Grey Hair

grey hairFirstly, there is no such thing as grey hair. The correct term should be white hair. It is the light reflection that gives the appearance of grey hair. The following outlines the two main white hair conditions:

Albinism – a recessive hereditary condition which presents as white hair & skin which in incapable of tanning. Caused by the total disfunction of tyrosinase (enzyme) preventing melanin production, thought to be be caused by a mutation within the genetic structure.  Albinos therefore have no colour production capabilities and subsequently do not tan or produce hair colour.Although the skin tends to appear paler, it is otherwise normal. Albinism affects people from all nationalities, showing no affilation to sex. The eyes are also affected turning colourless and white.

There are two types of colour pigment within the hair and skin namely:

Eumelanin – responsible for dark colours such as brown and black

Pheomelanin – responsible for lighter colours such as red and yellow

Each of us tend to have a mixture of the above however, one type may be dominant.

Tyrosinase – is the major enzyme responsible for the formation of Melanin pigment viz: Tyrosine > DOPA >Dopaquinone > Eumelanin or Pheomelanin. In normal skin a suntan occurs when melalin (which absorbs the suns ultraviolet radiation) pigment (produced from melonocytes) increases in the skin due to increased exposure to the sun.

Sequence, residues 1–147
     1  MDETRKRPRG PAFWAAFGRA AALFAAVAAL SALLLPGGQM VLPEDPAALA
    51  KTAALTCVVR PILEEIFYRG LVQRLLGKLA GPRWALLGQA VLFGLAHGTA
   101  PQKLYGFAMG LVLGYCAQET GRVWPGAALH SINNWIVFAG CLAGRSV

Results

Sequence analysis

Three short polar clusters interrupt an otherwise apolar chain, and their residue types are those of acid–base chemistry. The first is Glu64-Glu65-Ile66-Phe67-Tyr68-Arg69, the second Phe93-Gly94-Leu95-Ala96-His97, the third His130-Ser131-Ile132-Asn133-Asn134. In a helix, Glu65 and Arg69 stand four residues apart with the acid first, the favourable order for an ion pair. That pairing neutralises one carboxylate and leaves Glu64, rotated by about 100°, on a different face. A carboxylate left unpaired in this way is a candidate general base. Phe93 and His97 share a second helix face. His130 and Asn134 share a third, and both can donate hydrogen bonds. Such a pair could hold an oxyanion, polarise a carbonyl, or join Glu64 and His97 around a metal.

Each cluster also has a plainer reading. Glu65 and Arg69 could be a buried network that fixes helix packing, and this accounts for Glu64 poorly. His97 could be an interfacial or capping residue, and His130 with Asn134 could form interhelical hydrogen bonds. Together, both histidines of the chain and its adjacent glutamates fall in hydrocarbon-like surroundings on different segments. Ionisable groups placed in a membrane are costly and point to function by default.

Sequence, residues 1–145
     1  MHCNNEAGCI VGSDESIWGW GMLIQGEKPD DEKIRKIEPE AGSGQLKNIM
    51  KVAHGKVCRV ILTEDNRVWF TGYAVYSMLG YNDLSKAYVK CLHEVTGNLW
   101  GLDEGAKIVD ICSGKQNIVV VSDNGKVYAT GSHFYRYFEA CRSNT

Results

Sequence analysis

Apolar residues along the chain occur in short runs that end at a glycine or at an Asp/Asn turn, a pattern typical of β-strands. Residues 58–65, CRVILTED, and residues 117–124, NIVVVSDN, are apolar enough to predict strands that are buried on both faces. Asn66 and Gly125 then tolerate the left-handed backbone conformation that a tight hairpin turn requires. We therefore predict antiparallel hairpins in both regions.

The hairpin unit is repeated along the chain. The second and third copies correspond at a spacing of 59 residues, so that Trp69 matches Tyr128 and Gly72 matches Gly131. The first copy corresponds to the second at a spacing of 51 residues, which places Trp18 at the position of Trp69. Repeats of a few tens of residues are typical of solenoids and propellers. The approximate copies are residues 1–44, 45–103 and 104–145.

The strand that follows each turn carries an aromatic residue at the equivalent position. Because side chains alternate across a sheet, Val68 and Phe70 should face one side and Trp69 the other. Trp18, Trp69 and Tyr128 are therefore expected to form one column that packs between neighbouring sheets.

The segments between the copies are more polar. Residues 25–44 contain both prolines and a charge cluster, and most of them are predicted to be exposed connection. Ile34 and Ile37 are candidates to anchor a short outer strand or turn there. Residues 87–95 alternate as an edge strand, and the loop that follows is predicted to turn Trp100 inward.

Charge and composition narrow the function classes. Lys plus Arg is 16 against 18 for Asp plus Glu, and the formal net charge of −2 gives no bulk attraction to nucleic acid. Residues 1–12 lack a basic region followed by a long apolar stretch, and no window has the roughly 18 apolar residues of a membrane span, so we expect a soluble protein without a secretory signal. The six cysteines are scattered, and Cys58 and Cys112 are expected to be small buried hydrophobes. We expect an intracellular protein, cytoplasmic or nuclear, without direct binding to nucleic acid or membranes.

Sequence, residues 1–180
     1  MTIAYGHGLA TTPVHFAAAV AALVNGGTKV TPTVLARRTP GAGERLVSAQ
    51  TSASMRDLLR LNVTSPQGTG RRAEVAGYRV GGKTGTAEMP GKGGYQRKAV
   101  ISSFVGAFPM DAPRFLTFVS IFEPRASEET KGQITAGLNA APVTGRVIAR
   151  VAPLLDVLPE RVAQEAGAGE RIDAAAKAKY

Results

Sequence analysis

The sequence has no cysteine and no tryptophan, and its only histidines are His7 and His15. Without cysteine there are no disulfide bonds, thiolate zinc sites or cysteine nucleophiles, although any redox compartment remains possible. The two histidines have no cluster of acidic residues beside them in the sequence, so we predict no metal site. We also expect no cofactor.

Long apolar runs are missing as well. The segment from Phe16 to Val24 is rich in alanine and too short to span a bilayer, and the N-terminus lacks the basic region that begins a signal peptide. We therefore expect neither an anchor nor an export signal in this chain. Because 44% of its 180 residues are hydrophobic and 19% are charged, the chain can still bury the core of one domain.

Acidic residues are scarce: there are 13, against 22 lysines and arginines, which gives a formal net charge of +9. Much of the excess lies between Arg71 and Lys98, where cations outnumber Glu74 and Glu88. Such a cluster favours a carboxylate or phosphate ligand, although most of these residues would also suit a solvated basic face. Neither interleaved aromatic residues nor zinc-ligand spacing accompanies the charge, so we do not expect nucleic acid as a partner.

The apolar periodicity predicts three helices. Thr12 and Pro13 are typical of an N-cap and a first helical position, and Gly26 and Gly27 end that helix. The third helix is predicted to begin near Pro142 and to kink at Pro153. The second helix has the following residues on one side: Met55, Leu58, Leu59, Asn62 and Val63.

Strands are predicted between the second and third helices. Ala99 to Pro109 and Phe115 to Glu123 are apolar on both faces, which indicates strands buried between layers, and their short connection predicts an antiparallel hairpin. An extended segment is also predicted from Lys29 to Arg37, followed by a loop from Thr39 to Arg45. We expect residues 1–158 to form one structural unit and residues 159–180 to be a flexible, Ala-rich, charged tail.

If you are suffering from any form of hair change, hair loss or scalp condition, please feel free to contact our help line. You will be able to speak with a trichologist who will be happy to advise you.

Canities ( referring to the whitening (greying) of hair) –presents as white hair caused by a pigment deficiency frequently seen during the 3rd and 4th decade. Shows no affiliation to sex. The hair itself is white. The grey appearance is an illusion caused by the presence of surrounding pigmented hairs. A single grey hair often glistens resembling shot silk & reflects the colour’s of its immediate surroundings. In many people canities precedes the development of snow-white hair in later life. This gradual reduction of pigment may well be accompanied by hair shaft thickening or thinning. Genetic influences is the most likely cause. Canities primarily effects the anterior parietals. This will progress over the vertices eventually effecting the occiput. Beard hair tends to be first to lose colour pigment. Axillary and pubic hair tends to becomes depigmented later in life. However, it is not always effected.